"You’ve shown your reality, and it’s remarkable, really, that so much of it is still the stuff of the original illusion."Photo courtesy of Jess Molyneux

To the Cambridge of my sixth-form dreams: it looks like you’re making a comeback. With a year cut short and late September once again the time to look forward to, you’re starting to become the distant, longed-for prospect of the application period. We’ve got you in the bag, though, this time, and it’s an odd feeling to have the same craving for you coupled with familiarity, ownership, and memories we can promise to repeat, rather than uncertainty and not getting your hopes up.

Love Letters to Cambridge

These are tough and uncertain times for us all, and a lot of us are left with little closure. Varsity are launching this series to give a platform to students reflecting on the parts of Cambridge they'll miss the most, and to gain some closure through writing. Just email our Features team with a 150-word pitch with your idea!

Back then, you were everything. You were the pinnacle of achievement, the promised land, the way into the job market, the one path to bliss. When the soundtrack to my mental life was the Courteeners’ ‘Most Important’ chorus – “you may not know it ’cos I don’t always show it but you are the most important thing in my life” – it was always addressed, in my pretentious, aspiring, teenage head, to you: you stood for everything that was missing at school and home, for brains you’d never seen before, for independence and freedom and history, and punting in the sun.

I used to worry a little at the thought of what might happen if you, the impossible dream, became a lived reality. Would the breath-taking effect of walking through King’s wear off when I did it every morning? Would the buildings become a little less pretty when they became part of the background? Would the library’s charm wear off after the first essay crisis? Would formal just become normal?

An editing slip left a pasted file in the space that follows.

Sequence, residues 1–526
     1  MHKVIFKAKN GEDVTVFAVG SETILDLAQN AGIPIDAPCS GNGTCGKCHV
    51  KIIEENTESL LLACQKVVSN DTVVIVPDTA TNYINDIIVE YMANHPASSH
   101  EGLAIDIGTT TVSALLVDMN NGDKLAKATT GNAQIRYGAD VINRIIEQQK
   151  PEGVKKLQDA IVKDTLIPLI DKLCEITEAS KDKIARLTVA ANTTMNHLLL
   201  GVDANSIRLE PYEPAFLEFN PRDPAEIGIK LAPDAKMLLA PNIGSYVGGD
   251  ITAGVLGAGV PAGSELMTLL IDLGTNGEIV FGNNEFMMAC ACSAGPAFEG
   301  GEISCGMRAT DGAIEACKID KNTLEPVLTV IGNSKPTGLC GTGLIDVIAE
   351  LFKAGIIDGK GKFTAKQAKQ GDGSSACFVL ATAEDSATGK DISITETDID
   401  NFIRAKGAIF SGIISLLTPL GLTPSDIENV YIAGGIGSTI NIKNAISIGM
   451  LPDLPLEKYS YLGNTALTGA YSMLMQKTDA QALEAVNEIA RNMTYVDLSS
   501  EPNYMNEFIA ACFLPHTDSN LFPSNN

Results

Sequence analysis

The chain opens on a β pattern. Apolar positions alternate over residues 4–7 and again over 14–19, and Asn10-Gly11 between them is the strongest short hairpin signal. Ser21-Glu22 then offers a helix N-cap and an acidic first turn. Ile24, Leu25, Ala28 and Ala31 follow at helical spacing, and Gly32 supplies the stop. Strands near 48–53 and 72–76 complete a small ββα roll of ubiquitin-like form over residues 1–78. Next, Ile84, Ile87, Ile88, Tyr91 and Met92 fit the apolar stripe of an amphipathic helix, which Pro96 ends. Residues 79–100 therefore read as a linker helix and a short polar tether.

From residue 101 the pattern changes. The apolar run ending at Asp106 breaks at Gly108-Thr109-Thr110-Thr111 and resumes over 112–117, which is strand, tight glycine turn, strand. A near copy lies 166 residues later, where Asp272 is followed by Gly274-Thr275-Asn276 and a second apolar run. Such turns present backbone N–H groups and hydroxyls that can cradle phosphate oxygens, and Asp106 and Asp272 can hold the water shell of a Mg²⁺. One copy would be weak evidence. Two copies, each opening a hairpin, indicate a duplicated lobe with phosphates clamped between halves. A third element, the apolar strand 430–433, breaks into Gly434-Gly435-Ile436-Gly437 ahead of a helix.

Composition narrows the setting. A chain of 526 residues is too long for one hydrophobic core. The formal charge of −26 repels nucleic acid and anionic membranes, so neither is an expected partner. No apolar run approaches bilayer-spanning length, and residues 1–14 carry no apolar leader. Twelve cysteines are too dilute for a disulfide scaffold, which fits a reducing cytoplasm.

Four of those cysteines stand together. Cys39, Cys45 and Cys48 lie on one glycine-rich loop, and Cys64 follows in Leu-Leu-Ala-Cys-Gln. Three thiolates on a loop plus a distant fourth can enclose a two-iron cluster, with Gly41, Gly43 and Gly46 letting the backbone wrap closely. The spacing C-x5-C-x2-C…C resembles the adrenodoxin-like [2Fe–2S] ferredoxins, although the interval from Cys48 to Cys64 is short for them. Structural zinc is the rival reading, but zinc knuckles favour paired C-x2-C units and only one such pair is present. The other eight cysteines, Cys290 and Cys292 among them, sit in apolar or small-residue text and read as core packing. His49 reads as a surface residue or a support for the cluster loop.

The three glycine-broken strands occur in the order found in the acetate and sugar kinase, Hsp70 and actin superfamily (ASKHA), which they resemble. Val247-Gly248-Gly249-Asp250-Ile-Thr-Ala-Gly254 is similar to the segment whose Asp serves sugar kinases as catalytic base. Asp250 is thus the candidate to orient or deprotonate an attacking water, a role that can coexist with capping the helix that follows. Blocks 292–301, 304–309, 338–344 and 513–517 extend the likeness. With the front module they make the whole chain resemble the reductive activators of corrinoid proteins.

"... from propping each other up through and tough times that push the academic dream to the sidelines."Georgia Clayton

You kept your cool, Cambridge, and held your own – you delivered the excitement you’d promised and, two terms into second year, you proved that you weren’t pure illusion. The surroundings were more familiar, the events a little more predictable, the nights certainly quieter, but if the initial buzz mellowed, the magic endured, shaky fresher fever solidifying into timeworn true love, firmed-up friendships, a dab more confidence, routine, know-how.

“You don’t have all the answers, you’re not the centre of the world, and you don’t always have to be – can’t and won’t always be – the centre of ours.”

Your bubble didn’t burst, but the realisation that it couldn’t, as I might once have believed, protect us from a global health pandemic made me take stock. It made me register everything that you had delivered, everything that I had never wanted to leave behind in the vacations, everything that I’ll miss dearly over the coming months. But it also showed me that this wasn’t the first time you’d disappointed, and it probably won’t be the last.